Publisher: Harper Collins
ISBN: 0060742739
Pages: 496
Year: 2009-06-09
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For most of New York's early history, Ellis Island had been an obscure little island that barely held itself above high tide. Today the small island stands alongside Plymouth Rock in our nation's founding mythology as the place where many of our ancestors first touched American soil. Ellis Island's heyday—from 1892 to 1924—coincided with one of the greatest mass movements of individuals the world has ever seen, with some twelve million immigrants inspected at its gates. In American Passage, Vincent J. Cannato masterfully illuminates the story of Ellis Island from the days when it hosted pirate hangings witnessed by thousands of New Yorkers in the nineteenth century to the turn of the twentieth century when massive migrations sparked fierce debate and hopeful new immigrants often encountered corruption, harsh conditions, and political scheming. American Passage captures a time and a place unparalleled in American immigration and history, and articulates the dramatic and bittersweet accounts of the immigrants, officials, interpreters, and social reformers who all play an important role in Ellis Island's chronicle. Cannato traces the politics, prejudices, and ideologies that surrounded the great immigration debate, to the shift from immigration to detention of aliens during World War II and the Cold War, all the way to the rebirth of the island as a national monument. Long after Ellis Island ceased to be the nation's preeminent immigrant inspection station, the debates that once swirled around it are still relevant to Americans a century later. In this sweeping, often heart-wrenching epic, Cannato reveals that the history of Ellis Island is ultimately the story of what it means to be an American.
Love of Country
Author: Madeleine Bunting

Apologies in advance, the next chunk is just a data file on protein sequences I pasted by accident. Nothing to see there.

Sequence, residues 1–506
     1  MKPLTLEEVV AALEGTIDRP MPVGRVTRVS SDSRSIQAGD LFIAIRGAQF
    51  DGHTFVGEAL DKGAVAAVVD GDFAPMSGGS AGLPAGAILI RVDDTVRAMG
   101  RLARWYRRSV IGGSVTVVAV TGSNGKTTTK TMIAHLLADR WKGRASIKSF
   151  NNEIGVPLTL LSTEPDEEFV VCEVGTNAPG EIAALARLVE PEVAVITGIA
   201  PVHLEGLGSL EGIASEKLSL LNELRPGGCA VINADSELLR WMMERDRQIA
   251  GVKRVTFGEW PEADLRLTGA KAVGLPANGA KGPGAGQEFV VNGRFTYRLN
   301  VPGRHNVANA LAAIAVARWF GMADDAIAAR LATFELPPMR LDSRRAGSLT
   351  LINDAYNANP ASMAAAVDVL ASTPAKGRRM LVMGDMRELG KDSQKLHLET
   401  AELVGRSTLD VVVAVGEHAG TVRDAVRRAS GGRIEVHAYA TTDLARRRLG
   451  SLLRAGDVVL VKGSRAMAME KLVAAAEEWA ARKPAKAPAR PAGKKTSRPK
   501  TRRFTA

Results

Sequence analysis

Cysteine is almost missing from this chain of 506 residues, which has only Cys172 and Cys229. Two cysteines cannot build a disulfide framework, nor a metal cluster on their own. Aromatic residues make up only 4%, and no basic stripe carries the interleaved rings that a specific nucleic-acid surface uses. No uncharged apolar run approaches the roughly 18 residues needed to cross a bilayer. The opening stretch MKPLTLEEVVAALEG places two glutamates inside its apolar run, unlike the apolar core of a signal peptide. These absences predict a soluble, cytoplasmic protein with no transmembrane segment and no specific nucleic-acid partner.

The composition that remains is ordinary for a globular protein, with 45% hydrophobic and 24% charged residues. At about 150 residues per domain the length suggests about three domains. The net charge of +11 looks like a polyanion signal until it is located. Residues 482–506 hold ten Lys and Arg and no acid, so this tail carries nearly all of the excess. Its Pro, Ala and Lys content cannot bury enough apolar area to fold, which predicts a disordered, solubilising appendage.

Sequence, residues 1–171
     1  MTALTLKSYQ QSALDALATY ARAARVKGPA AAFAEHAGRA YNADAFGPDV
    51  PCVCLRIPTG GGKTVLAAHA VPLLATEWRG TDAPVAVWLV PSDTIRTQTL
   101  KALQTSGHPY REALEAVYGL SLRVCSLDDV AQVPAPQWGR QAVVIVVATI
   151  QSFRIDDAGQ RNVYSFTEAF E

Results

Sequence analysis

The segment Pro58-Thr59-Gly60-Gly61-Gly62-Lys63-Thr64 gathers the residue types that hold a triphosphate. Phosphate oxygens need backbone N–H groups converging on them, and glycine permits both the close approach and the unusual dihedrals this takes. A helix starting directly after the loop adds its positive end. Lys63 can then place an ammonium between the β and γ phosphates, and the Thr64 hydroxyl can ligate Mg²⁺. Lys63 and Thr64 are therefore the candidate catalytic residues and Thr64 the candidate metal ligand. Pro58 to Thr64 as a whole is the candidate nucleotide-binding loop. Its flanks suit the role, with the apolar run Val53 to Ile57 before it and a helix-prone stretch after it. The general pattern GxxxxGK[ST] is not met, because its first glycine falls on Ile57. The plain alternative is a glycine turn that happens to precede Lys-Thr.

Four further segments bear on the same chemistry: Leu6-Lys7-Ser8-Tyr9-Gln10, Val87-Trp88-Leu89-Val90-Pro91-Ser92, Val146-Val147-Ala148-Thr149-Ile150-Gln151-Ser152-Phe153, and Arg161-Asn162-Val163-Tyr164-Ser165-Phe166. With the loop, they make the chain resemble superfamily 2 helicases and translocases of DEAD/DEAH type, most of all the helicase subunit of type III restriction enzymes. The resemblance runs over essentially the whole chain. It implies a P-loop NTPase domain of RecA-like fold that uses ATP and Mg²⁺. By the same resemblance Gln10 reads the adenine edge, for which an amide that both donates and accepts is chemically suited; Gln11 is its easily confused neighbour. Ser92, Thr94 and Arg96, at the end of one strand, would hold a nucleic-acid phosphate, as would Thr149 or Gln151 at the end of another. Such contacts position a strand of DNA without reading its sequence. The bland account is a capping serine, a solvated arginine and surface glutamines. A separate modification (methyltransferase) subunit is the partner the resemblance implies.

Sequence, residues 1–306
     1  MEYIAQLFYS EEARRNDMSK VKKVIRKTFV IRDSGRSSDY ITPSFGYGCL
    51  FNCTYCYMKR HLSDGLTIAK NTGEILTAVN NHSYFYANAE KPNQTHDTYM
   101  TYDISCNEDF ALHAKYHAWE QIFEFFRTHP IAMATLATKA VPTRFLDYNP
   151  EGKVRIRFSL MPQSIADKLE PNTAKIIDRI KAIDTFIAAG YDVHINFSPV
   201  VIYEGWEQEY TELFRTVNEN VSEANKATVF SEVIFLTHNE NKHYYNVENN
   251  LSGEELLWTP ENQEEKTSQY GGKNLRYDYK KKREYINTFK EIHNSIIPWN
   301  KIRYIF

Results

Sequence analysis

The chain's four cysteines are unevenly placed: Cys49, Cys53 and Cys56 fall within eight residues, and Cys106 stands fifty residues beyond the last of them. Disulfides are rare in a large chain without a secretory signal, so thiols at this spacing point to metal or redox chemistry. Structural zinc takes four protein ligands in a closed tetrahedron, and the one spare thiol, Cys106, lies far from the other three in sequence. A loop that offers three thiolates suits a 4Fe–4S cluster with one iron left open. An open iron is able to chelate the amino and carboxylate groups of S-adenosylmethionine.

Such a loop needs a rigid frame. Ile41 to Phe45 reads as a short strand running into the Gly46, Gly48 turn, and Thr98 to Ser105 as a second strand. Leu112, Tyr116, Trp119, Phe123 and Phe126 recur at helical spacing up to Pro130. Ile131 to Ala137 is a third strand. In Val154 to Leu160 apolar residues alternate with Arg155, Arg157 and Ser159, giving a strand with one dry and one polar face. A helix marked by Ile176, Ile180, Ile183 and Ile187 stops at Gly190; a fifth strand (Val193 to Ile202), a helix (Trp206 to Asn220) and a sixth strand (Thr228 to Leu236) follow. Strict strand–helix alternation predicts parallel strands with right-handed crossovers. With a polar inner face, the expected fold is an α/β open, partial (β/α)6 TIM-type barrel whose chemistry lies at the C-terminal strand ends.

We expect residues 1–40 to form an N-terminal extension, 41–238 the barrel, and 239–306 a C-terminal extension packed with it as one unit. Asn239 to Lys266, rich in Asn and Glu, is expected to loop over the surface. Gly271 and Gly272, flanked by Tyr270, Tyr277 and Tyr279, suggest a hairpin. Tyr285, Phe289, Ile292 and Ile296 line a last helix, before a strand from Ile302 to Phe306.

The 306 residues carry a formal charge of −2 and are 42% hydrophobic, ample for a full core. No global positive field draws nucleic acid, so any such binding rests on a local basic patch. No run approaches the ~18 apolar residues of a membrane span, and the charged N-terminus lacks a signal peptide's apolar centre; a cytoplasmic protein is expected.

Publisher: University of Chicago Press
ISBN: 022647156X
Pages: 351
Year: 2017-04-11
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"Over six years, Bunting traveled the Hebrides, exploring their landscapes, histories, and magnetic pull. She delves into the meanings of home and belonging, which in these islands have been fraught with tragedy as well as tenacious resistance. Bunting considers the extent of the islands' influence beyond their shores, finding that their history of dispossession and migration has been central to the British imperial past."--Provided by publisher.
Dreams from My Father
Author: Barack Obama
Publisher: Broadway Books
ISBN: 0307394123
Pages: 464
Year: 2007-01-09
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In this lyrical, unsentimental, and compelling memoir, the son of a black African father and a white American mother searches for a workable meaning to his life as a black American. It begins in New York, where Barack Obama learns that his father—a figure he knows more as a myth than as a man—has been killed in a car accident. This sudden death inspires an emotional odyssey—first to a small town in Kansas, from which he retraces the migration of his mother’s family to Hawaii, and then to Kenya, where he meets the African side of his family, confronts the bitter truth of his father’s life, and at last reconciles his divided inheritance. Pictured in lefthand photograph on cover: Habiba Akumu Hussein and Barack Obama, Sr. (President Obama's paternal grandmother and his father as a young boy). Pictured in righthand photograph on cover: Stanley Dunham and Ann Dunham (President Obama's maternal grandfather and his mother as a young girl). From the Trade Paperback edition.
Alarm Starboard!
Author: Geoffrey Brooke
Publisher: Pen and Sword
ISBN: 1844152308
Pages: 288
Year: 2004-10-14
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The Author's naval war experiences make the most exciting reading. After being mined on the battleship Nelson in 1939, he served on the Prince of Wales, during the Bismarck action, witnessing the sinking of the Hood and Churchill and Roosevelt's historic meeting. He survived the disastrous sinking by Japanese dive-bombing in December 1941 but within two days of reaching Singapore, the Island fell. Evacuated in a coastal steamer, only to be sunk the next morning, he was stranded on a deserted island for a week before setting out for Ceylon in a native boat. His epic journey covered 1660 miles and took 37 days. Thereafter his adventures continued, with the North African landings, Russian convoys and, returning to the Far East, he was in the carrier Formidable when she was hit twice by Japanese Kamikazes before VI Day August 1945.
The Harbour Island Story
Author: Anne Lawlor, Jim Lawlor
Publisher: MacMillan Caribbean
ISBN: 0333970519
Pages: 308
Year: 2008
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The History of Harbour Island is a well-documented, informative, and entertaining account of the island which was once second in importance to New Providence within the Bahamian archipelago. Drawing on new material from official, church, oral and private sources, and containing numerous illustrations, this book adds greatly to our knowledge of Harbour Island specificallyand the Bahamas generallyand is a significant addition to Bahamian historiography.